Your plan should also list the relevant stakeholders that ought to be engaged once you know that a problem has occurred.
“Who in the company do you need to alert?” asks Trychon. She adds that it is also crucial to identify who will be the point of contact for any inbound media requests. “Have somebody who knows that it’s their job is to handle inbound, and figure out who you need to get back to, who you need to talk to, and also who hasn’t come to you yet but is going to come, or you want to come.”
For understanding the media relations side, Trychon identifies three buckets of reporters who will care about your crisis: those who cover your industry for their beat, those who cover data security, and those who cover financial news, like stock moves and investor relations.
The third faction can be a big deal, especially if you are at a publicly traded company, according to Trychon. “Identifying who in your world is going to care about this is really important,” she says, “and you can do that in advance a lot of times.”
She also advises that your media relations strategy include owned channels, such as your social media accounts and website. “If there’s downtime, make sure that you’re communicating that to the public,” she says.
Stress-testing your response
Many organizations take crisis response so seriously that they run simulations to see where a potential weak link might make them vulnerable.
“A lot of organizations do this today,” says Trychon. “They send employees phishing links, test ones to see if they’ll click.” She advises that communicators also be a part of these dry runs and security tests.
“Make it as realistic as possible,” she says. “Take your playbook and practice it, and then you’ll be able to identify the holes.”
What might those holes look like? Trychon has a few suggestions: “How long did it take you to all get together on a call and run through your strategy? Does it take us an hour, 30 minutes, a day? Where do we need to streamline?”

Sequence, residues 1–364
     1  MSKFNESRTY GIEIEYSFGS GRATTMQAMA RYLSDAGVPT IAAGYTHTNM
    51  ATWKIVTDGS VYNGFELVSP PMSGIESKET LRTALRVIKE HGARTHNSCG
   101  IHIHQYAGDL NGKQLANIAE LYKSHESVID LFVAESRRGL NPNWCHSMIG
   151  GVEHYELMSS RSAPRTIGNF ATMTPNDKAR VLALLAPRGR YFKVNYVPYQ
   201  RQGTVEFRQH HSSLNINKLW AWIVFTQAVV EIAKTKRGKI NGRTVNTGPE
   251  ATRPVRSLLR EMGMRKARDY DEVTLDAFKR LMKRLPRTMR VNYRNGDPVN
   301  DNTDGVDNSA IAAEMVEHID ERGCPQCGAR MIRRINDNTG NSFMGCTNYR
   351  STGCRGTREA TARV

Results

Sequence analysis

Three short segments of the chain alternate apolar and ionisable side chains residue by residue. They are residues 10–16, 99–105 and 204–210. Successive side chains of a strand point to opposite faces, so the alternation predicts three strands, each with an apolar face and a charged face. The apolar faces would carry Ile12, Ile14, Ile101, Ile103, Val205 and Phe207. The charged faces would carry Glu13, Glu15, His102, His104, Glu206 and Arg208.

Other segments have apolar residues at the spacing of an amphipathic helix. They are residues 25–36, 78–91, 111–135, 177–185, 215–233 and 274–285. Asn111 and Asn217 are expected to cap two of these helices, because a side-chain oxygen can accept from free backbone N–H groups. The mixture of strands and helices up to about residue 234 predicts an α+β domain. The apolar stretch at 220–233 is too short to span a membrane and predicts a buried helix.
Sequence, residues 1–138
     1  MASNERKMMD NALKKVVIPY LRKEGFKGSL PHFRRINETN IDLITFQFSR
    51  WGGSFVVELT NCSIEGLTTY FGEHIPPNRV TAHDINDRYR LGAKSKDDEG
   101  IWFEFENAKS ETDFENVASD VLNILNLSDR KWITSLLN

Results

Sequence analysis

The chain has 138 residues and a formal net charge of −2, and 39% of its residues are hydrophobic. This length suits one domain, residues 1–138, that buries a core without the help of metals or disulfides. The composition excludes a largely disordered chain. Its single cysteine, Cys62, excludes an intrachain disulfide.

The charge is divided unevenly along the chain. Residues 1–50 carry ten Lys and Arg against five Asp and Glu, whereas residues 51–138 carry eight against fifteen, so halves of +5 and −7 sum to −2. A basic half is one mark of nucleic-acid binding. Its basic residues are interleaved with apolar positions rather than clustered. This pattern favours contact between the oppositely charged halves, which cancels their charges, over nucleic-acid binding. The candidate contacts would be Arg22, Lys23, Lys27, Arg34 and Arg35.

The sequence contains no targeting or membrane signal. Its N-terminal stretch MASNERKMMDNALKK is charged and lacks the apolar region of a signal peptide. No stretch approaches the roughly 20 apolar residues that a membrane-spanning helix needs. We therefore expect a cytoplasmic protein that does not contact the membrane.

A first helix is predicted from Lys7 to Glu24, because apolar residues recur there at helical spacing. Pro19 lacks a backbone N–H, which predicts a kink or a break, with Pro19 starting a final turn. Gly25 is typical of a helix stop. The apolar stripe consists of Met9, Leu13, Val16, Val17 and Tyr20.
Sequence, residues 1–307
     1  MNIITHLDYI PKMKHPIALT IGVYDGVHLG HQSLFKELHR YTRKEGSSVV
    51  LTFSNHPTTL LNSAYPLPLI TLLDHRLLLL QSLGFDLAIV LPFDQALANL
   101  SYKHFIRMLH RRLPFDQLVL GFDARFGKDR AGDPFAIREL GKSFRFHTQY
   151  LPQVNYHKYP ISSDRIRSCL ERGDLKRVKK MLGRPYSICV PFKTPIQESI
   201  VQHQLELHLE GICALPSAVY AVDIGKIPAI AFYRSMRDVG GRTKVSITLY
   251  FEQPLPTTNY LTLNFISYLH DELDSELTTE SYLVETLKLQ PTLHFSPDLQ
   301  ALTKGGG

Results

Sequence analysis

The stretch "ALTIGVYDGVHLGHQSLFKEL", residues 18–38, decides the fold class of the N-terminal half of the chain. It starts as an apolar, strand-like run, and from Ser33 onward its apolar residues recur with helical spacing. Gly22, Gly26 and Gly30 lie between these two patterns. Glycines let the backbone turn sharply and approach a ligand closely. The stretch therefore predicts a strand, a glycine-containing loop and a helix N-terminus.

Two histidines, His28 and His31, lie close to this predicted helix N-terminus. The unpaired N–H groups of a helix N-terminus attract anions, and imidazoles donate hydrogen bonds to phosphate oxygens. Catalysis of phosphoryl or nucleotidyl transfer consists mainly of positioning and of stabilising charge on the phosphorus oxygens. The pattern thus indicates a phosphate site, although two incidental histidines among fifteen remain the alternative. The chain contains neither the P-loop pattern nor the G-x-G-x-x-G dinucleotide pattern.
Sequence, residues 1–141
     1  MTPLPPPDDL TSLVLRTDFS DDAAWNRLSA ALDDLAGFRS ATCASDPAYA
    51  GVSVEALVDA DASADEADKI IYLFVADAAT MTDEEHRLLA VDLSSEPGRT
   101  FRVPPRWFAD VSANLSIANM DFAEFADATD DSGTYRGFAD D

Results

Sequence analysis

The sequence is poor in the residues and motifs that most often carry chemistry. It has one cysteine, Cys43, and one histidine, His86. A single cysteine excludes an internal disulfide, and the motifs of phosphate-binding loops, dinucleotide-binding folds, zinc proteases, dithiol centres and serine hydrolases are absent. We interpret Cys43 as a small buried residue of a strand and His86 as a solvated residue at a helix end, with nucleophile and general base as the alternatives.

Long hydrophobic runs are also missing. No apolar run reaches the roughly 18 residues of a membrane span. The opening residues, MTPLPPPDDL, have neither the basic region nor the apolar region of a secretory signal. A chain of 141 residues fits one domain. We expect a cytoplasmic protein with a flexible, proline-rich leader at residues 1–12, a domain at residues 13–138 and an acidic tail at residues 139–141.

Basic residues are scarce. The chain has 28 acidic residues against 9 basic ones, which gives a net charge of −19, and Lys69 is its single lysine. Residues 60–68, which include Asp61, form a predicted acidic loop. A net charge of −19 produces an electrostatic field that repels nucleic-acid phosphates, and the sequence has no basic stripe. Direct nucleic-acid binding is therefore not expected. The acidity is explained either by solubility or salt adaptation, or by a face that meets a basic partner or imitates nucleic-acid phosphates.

She also says that a good stress test will prepare the team for “audibles” or improvisation. What happens if a crisis hits and your main spokesperson is on vacation? Who can you bring in? “Practice and practice again,” she advises.
What are the errors that are made around data breach crises that can exacerbate the situation? Trychon identifies three main gaffes.
“I think one of the biggest mistakes we see is denying that it happened right off the bat,” she says. “If it didn’t happen, it is important to do that, but I think you need to be prepared to have the evidence that backs up your claim.”
She warns that an immediate denial won’t ring true, because there is no way your research team has done the work to double check. “Make sure you say you’re investigating the issue and that it’s really being taken into consideration, because if you deny it and it does come out as true, you have just put so much more work back on your plate,” she says
She also advises against waiting until you have all the information to make a statement.
“It takes time to investigate these breaches to figure out how much damage was actually done and what was done,” she says. “Communicating early and often is the best approach; if you wait too long, sometimes the story gets way out ahead of you, and then people have a hard time knowing what to believe.”
The final mistake she warns about is not taking advantage of the expertise of reporters working on data breach stories.
“It’s a tricky concept, and it’s really technical,” she says. “Make that when you’re on the phone, it’s not just to talk about this incident, but you know, really educate on what your ecosystem looks like and make sure that it’s not just cut and dried.”